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Do It Tomorrow and Other Secrets of Time…

Do It Tomorrow and Other Secrets of Time Management (edition 2006)

by Mark Forster

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243374,036 (3.99)1
Shows how to achieve a day's work in one day - without bowing to the tyranny of 'urgent' emails, phone calls and other interruptions. The author shows how to prioritise and organise and use modern technology to our advantage without feeling harassed and stressed by the sheer amount of work it appears to generate.… (more)
Title:Do It Tomorrow and Other Secrets of Time Management
Authors:Mark Forster
Info:Hodder & Stoughton Religious (2006), Paperback
Collections:Your library
Tags:productivity, organization, time management, gtd

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Do It Tomorrow and Other Secrets of Time Management by Mark Forster



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Foster offers a fresh, wise system for greater productivity -- he blasts the traditional "to do" list in lieu of the "will do" list. The keys are: reduce random events, schedule realistic and doable tasks that can actually be accomplished each day, carve out time for system maintenance on a regular basis and attack long term projects in pieces on a daily basis before attempting any other daily tasks. Great, clear advice.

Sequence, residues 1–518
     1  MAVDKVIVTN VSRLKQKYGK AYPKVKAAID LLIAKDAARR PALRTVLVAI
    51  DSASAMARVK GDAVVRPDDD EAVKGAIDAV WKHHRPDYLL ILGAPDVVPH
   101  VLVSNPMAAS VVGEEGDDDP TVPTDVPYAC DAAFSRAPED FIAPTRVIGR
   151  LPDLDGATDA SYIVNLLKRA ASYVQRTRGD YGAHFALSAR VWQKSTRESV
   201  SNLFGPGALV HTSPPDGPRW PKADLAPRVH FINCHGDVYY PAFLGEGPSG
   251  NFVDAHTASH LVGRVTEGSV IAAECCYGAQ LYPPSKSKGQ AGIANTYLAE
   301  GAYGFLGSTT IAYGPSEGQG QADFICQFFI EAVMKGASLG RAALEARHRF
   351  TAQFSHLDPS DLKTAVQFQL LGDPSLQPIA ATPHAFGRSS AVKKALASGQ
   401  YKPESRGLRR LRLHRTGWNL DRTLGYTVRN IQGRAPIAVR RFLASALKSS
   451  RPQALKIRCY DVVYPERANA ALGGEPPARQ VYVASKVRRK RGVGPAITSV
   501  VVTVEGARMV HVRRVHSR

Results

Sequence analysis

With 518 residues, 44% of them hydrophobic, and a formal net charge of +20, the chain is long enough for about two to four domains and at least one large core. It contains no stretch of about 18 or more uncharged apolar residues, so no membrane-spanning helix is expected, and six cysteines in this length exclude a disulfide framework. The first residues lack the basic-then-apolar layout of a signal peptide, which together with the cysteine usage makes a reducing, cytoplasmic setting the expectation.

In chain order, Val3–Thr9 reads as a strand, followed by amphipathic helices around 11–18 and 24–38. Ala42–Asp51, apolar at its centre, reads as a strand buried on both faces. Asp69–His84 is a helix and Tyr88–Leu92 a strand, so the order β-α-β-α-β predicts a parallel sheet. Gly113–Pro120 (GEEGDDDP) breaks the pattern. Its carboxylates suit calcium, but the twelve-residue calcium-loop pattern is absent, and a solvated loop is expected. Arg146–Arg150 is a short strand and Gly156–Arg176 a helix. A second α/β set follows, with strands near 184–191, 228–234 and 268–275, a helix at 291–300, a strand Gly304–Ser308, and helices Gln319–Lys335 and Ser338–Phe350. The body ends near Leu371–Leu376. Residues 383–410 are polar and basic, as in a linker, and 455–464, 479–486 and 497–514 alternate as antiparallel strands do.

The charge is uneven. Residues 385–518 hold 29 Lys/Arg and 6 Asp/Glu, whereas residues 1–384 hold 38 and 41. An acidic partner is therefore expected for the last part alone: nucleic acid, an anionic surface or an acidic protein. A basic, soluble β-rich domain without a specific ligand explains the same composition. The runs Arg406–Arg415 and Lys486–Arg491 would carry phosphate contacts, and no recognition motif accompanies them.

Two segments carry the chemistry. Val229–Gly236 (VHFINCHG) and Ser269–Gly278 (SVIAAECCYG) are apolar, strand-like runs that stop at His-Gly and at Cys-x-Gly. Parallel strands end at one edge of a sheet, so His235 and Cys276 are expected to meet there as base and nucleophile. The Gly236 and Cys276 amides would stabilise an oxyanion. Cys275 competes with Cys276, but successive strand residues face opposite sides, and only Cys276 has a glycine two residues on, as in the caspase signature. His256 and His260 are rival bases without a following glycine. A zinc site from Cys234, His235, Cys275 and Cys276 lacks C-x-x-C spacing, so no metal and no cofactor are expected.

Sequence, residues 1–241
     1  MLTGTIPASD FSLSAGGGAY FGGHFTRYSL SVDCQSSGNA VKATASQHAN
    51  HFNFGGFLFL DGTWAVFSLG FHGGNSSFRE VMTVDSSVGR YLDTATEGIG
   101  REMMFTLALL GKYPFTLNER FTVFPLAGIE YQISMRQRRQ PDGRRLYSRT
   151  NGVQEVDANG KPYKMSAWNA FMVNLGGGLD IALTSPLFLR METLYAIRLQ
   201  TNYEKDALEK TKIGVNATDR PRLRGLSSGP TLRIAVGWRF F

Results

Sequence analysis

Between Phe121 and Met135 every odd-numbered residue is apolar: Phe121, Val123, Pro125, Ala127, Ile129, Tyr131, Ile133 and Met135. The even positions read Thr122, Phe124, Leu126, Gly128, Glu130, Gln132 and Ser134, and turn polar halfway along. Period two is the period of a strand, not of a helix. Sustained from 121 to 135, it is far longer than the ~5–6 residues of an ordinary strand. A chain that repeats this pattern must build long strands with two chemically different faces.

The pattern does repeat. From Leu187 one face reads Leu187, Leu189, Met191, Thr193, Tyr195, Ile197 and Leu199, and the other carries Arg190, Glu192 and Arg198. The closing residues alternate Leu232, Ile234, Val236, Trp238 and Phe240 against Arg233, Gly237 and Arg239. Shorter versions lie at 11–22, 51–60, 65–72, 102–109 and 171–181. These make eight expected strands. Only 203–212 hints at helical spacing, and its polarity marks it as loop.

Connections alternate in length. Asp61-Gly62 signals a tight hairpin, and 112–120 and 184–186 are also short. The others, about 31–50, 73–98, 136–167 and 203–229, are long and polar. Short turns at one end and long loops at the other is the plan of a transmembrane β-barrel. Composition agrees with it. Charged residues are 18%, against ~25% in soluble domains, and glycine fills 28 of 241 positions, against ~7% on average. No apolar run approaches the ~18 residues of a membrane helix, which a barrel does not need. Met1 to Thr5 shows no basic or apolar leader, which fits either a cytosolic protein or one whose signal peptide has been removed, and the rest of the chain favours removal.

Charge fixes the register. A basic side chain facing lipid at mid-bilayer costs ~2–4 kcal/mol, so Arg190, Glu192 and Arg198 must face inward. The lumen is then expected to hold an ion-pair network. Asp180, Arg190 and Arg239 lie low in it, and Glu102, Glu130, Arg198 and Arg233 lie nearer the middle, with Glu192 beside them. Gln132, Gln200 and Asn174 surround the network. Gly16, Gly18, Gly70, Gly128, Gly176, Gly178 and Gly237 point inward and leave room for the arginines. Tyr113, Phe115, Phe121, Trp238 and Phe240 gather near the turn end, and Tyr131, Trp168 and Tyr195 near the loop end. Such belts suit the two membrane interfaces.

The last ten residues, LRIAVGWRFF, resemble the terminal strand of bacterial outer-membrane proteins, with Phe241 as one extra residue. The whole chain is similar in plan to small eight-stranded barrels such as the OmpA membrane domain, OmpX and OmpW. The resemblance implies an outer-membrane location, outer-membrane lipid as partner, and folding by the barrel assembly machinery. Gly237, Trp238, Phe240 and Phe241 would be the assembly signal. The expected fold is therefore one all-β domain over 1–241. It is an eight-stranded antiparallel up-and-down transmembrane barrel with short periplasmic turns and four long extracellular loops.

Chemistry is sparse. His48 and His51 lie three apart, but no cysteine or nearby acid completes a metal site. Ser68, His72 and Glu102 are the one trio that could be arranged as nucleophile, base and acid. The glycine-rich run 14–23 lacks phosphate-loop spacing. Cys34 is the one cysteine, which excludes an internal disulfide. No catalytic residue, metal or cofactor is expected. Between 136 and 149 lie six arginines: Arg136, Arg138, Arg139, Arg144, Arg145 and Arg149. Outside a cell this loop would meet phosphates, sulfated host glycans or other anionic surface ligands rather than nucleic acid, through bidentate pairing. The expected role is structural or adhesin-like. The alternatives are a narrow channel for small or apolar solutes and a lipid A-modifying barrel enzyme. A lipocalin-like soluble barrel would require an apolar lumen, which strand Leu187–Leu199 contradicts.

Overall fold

1 vote gooutsideandplay | Aug 1, 2010 |
The most useful book on working efficiently and effectively that I've read for a long time. Helped to galvanise a lot things I was already doing half-heartedly or discovering partially, as well as introducing some new ideas and tips. I like that Mark works from home as his own boss - he has discovered how to crack most of the issues I've run into doing the same. The chapter on procrastination is bizarre but true - we really can learn to catch our reactive brain off-guard using our rational brain.

Top tip? Rather than work half-heartedly when you have one of those days where nothing is pressing, set a deadline of finishing early! Work efficiently and effectively to 2pm, and then take the rest of the day off rather than working half-heartedly til 6pm! I'm really going to try that one!

I will be coming back to this book regularly to review my systems and thought processes. ( )
2 vote markhadfield | Jun 2, 2010 |
I found that I had already developed a lot of the suggestions as my own way of doing things, but I found the idea of a "Current Initiative" to be a better idea than my usual method of keep transferring a "to do" and never actually doing it because it seemed overwhelming. ( )
1 vote Libbeth | Oct 19, 2008 |
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